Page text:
In June 1982 the Sunday Express reported the movie had shut down because of cash difficulties. Olivier had already walked off the set on his lawyer’s advice after receiving no pay, but Caine had continued working. ‘They told me if I didn’t there was no chance that they would be able to raise the money to finish the film,’ he told the paper. ‘So Mr Nice Guy kept on working. But two weeks ago everything came to a stop. It’s a good story. It’s just a shame all this happened.’ Caine stayed in London for a fortnight in the hope new funding could be raised to finish production. The actor only had six days’ work left when the picture shut down.
A month later Caine discovered his Concorde ticket was only one-way. He bought his own plane ticket back to Hollywood, still owed $900,000 and six weeks’ living expenses. ‘It had never occurred to me to look at the ticket before,’ Caine told the Sunday Times. ‘I’d have guessed if they couldn’t afford to buy me a return ticket they couldn’t afford to make the picture. I still keep getting messages that it’s going to be finished. I’m fairly philosophical about the whole thing. It’s not as if this film were a masterpiece… It’s just a good, straight-forward thriller.’
Caine filmed his Oscar-nominated role in Educating Rita next, and then moved on to The Honorary Consul (both 1983). In the meantime The Jigsaw Man’s producer, Benjamin Fisz, secured $4 million of new financing and Young re-mounted the movie at Shepperton. Caine returned to complete his work and finally got paid. But pulling the fragments together required many months of editing. The completed film was given a 15 rating by the BBFC in August 1983, but was subsequently pilloried by critics. It limped out on video in 1986. The Jigsaw Man made its DVD debut in 2002.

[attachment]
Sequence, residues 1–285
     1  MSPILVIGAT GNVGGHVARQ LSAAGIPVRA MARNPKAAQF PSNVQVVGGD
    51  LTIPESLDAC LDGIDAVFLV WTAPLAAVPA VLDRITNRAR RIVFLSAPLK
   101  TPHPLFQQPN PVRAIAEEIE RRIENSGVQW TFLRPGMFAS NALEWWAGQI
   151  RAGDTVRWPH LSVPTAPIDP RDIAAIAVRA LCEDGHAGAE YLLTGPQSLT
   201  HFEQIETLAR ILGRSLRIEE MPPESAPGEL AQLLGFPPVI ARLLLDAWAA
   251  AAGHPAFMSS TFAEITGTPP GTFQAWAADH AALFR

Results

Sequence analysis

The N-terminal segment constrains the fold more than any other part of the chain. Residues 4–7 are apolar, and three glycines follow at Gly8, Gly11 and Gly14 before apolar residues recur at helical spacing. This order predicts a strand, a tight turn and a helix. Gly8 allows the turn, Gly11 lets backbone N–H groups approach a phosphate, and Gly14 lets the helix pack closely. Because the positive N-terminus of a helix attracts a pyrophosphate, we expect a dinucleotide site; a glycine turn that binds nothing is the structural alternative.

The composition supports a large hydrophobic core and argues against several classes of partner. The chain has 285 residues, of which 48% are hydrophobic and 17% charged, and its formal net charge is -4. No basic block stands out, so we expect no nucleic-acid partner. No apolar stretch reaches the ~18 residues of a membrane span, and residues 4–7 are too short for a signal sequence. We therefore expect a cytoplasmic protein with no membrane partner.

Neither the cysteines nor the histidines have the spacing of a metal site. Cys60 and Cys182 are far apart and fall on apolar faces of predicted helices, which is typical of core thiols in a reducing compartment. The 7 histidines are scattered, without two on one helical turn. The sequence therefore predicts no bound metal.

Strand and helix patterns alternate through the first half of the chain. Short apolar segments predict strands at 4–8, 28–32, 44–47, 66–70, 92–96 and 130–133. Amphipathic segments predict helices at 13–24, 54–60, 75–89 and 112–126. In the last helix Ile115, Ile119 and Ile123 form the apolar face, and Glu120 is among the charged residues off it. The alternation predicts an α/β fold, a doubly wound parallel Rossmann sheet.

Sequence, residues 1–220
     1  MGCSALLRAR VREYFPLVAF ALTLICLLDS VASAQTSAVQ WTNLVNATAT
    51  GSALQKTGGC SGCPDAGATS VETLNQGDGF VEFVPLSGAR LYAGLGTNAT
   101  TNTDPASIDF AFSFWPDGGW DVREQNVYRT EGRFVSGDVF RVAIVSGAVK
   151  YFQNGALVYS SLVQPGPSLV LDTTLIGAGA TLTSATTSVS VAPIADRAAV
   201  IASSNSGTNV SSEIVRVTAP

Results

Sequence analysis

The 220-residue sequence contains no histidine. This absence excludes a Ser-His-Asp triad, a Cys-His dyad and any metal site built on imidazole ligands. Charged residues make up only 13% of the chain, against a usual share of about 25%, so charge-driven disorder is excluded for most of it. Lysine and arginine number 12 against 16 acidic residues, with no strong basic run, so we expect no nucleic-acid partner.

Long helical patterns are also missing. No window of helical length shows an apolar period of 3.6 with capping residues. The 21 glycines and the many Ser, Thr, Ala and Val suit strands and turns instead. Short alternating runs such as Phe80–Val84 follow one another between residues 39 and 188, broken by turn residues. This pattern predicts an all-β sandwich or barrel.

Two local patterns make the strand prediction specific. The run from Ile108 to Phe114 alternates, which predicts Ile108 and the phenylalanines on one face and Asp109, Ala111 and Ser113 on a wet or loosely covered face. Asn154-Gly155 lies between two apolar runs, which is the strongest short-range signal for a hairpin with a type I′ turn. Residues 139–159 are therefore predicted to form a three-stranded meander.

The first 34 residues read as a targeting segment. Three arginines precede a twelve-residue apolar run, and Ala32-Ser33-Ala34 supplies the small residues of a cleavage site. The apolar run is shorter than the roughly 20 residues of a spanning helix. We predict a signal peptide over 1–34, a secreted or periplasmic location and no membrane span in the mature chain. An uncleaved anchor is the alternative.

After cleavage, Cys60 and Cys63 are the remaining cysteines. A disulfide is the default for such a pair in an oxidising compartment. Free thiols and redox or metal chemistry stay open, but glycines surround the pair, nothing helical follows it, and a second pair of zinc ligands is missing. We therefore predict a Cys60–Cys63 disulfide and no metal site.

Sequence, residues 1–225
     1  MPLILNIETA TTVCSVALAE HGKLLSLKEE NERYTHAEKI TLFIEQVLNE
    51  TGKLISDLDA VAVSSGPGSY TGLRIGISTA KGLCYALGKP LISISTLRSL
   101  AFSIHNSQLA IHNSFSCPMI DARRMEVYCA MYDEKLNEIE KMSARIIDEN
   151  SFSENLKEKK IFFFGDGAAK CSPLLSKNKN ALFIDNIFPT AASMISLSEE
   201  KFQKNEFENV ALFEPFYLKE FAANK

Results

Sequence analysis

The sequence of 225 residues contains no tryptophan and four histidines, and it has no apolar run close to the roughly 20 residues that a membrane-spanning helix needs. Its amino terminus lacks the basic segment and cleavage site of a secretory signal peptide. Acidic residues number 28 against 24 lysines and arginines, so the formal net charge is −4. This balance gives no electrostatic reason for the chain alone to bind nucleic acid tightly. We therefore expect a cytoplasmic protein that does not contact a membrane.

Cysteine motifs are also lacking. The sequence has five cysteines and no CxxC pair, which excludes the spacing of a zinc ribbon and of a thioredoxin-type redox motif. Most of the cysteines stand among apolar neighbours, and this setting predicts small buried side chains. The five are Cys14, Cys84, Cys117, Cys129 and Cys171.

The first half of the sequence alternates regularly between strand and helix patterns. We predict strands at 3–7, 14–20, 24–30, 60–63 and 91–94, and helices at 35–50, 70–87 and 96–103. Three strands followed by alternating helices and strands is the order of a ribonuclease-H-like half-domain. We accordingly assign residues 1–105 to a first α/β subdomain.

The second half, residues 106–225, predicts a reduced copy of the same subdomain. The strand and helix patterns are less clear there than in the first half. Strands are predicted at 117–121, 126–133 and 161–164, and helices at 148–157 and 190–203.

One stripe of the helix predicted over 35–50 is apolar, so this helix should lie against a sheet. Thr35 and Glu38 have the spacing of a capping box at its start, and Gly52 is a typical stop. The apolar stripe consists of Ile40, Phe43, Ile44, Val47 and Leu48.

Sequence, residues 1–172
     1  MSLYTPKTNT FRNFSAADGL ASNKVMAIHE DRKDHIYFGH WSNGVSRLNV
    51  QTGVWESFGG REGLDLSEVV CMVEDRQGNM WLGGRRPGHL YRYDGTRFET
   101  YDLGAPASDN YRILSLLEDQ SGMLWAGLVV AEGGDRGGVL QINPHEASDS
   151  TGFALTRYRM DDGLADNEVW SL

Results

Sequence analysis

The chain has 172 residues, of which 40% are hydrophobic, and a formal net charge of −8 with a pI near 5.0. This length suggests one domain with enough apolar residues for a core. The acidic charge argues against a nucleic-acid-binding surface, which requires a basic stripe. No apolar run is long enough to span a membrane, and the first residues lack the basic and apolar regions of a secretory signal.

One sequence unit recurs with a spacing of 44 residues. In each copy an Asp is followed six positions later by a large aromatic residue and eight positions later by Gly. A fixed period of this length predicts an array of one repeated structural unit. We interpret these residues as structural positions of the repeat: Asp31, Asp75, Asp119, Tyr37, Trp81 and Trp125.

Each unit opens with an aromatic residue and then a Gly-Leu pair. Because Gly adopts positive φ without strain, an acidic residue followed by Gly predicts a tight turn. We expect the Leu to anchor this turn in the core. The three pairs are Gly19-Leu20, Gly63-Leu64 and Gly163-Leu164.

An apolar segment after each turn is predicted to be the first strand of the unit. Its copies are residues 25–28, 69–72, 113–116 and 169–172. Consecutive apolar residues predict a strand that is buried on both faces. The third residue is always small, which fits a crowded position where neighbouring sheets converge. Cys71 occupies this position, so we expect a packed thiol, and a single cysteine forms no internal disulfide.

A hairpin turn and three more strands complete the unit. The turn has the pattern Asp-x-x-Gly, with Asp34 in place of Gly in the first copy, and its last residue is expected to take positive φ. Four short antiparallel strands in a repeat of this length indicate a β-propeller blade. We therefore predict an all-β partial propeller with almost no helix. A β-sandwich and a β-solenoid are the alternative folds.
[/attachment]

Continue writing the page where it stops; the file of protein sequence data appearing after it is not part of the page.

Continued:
Reviews: ‘Probably the most garrulous and doddering spy movie ever made … more flabby exposition than a month in the House of Lords…’ – Voice
‘Somewhat elementary cold war chicanery with an abundance of talk before a routine action finish.’ – Halliwell’s
Verdict: This pedestrian espionage picture tries the patience with glacial pacing, limp dialogue and endless exposition. Unsurprisingly, considering how the movie was made, continuity is all over the place with Caine’s hair colour varying randomly. The direction is flaccid and stale, and it is hard to believe a great cinematographer like Freddie Francis shot this drab, lifeless footage. Sadly, the film isn’t bad enough to attain kitsch value. Two moments do stand out. Laurence Olivier predicts a catchphrase from British TV sitcom The Royle Family by muttering ‘My arse!’ at Robert Powell. Later, there’s a running gag about Charles Gray’s character wearing a wig. The actor then appears in a wildly unconvincing bald cap, as if to prove he sports a wig the rest of the time. Caine strolls through this banal tale, attempting several different accents without much success. Rather than being less than the sum of its parts, The Jigsaw Man manages the rare feat of being worth less than any of its parts.